A vision of our world that is sustainable, fairer and realisable: memories of Barbara Ward

For 40 years, Barbara Ward, who would have been 100 on 23 May, set out the case for a fairer, more just world system – in her 14 books, in what she wrote as a staff member and later an editor of The Economist, in many newspaper articles (especially in the Washington Post) and in her speeches.

27 May 2014

This included her advocacy for one per cent of national income as the target for aid budgets in high-income nations. From the 1960s, to this was added a concern for "The care and maintenance of a small planet", the subtitle for Only One Earth, the book she wrote with Rene Dubos.

Certain aspects of her work set her apart from others working in this field. One was her popular appeal; many of her books were bestsellers. The Rich Nations and the Poor Nations, published in 1962, was selected by the Book of the Month club, which sent out 300,000 copies. A review in the New York Times noted: "We would be a good deal more certain [of the future] if Americans would stop feeling overwhelmed by the world long enough to read this wise and inspiring book".

Another was how grounded her writings were in what they proposed. Time magazine ranked her as one of the great visionaries of the 20th century, but her proposals were also realisable. In all her books, there was such depth in understanding the politics of development and of history, in how we got to where we are now. And in how and what we must change.

In her book The Home of Man, published in 1976, a chapter on “The Cost of Justice” sets out goals that pre-figure the Millennium Development Goals – for food and nutrition, rural and urban water and sanitation, and health programmes. This includes the investments needed to realise universal provision over 10 years. This book also documented the growth of informal cities and settlements and how they can be dramatically improved by working with their inhabitants. In Only One Earth, published in 1972, she writes of the need "...clearly to define what should be done to maintain the earth as a place suitable for human life not only now, but also for future generations.

The birth of IIED

The International Institute for Environment and Development (IIED) was her way of institutionalising her key concerns, as she was diagnosed with cancer and struggled with poor health for the last 10 years of her life. 

Barbara attracted many people to IIED who shared her vision and sought to help realise it, such as Dave Runnalls, who built the institute and worked with Barbara to identify where work was most needed. Gerry Leach transformed our understanding of what was possible for a prosperous yet low-energy (low carbon) future. Jorge Hardoy founded IIED's Human Settlements Group and, after designing a research model that continues today (based on strong collaboration with institutions in the global south), returned to Argentina to set up our sister institution IIED-America Latina. Anil Agarwal spent two years at IIED helping to develop the newly formed media information unit before returning to India to found the Centre for Science and Environment.

She had other very special characteristics. One of the truly great public speakers, she could hold an audience without any visual aids – with a breathtaking narrative and inspiring proposals, but always leavened with humour. There were often quotes from Jane Austen or Shakespeare (or the Bible, Karl Marx or a 4,000-year-old song from Sumeria). Barbara also had a wonderful sense of curiosity, surely one of the defining characteristics of a good researcher but unusual in someone so eminent.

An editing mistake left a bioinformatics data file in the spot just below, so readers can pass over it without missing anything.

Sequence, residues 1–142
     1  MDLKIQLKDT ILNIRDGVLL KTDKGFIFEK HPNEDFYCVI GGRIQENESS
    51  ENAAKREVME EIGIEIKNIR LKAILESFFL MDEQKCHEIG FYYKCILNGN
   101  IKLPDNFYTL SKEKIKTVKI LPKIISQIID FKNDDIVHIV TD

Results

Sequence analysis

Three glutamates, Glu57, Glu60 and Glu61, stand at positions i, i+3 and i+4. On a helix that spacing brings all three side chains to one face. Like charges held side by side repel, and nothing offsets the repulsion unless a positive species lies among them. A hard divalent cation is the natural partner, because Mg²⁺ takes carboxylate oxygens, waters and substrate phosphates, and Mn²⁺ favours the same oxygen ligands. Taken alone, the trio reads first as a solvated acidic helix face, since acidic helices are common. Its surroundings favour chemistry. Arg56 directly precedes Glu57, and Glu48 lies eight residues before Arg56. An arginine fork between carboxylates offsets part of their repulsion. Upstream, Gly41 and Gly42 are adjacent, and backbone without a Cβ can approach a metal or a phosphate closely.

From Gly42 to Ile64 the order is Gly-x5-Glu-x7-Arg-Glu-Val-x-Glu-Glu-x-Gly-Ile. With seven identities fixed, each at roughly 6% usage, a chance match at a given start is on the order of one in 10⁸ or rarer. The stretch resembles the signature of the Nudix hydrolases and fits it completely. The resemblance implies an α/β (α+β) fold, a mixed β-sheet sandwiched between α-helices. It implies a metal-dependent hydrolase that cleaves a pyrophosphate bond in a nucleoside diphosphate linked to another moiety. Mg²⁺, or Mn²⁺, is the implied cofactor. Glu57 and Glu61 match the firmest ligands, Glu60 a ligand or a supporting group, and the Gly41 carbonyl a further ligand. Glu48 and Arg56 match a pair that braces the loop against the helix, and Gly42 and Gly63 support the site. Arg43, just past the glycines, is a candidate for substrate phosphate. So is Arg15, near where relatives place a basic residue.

Presidents, popes and prime ministers

Barbara knew and used the power of the media with great skill. She also knew the power of friendships and of networks – as Dave Runnalls illustrates so well in a recent video interview. She numbered among her friends and correspondents presidents, popes and prime ministers, plus the heads of the World Bank, UN agencies and bilateral aid programmes. For many of these, she wrote briefs or even speeches, but never claimed credit for doing so.  

She also wrote so beautifully. With erudition but text that remained readable. Indeed, sometimes her subtlety defeated her audience. After presenting the manuscript for her book Progress for a Small Planet to the UN agency that had supported it, we received a telegram demanding that the racist comment on page xx be removed. We rushed to look at the offending page and could see no evidence for this. But when highlighting innovation, the text referred to the ‘not entirely unastute Japanese’, and what was actually a wonderful compliment had been misread as racism.

The global stage

There were also some less public aspects of her life that should be highlighted. She was the best of company with her warmth, wit and wonderful, self-deprecating sense of humour. She gave me my first proper job, and it never occurred to her to do anything but treat me as an equal – quite an experience for a young and ignorant researcher. 

My work with Barbara began as a three-month job to help organise her library. Now, 40 years later, I am still at IIED and still working to try to realise her visions. I had never intended to work in this field; I took the three-month role to earn some money before starting a Masters in theatre management. But captivated by Barbara and by the work, I stayed, later to train as a development planner.   

I was also buoyed by her wonderful response to a question once put to her: how could she work on issues for which there was so little evidence of progress? She replied: "It is our duty to hope."

More on Barbara Ward: www.iied.org/BarbaraWard

David Satterthwaite ([email protected]) is a senior fellow at IIED and visiting professor at University College London.  He was Barbara Ward's research assistant for her final two books – The Home of Man (1976) and Progress for a Small Planet (1979).